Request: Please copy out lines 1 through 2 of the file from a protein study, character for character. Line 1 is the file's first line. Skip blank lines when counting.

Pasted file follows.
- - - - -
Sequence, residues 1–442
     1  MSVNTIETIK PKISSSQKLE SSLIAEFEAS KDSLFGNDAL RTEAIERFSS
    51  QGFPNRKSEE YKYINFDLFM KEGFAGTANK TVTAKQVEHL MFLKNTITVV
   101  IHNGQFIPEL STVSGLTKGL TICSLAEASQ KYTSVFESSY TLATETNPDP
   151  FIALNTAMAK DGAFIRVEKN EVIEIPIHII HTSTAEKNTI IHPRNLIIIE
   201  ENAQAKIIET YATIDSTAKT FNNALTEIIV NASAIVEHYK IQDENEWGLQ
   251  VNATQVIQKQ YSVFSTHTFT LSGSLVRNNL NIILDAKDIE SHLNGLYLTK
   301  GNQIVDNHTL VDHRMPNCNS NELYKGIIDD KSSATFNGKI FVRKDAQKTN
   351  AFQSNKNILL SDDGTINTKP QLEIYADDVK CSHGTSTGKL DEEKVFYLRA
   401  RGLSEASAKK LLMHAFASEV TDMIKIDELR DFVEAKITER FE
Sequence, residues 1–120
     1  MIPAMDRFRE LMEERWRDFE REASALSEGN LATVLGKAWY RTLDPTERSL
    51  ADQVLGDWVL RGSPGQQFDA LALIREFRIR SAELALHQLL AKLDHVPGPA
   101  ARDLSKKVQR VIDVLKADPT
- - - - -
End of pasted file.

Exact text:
Sequence, residues 1–442
     1  MSVNTIETIK PKISSSQKLE SSLIAEFEAS KDSLFGNDAL RTEAIERFSS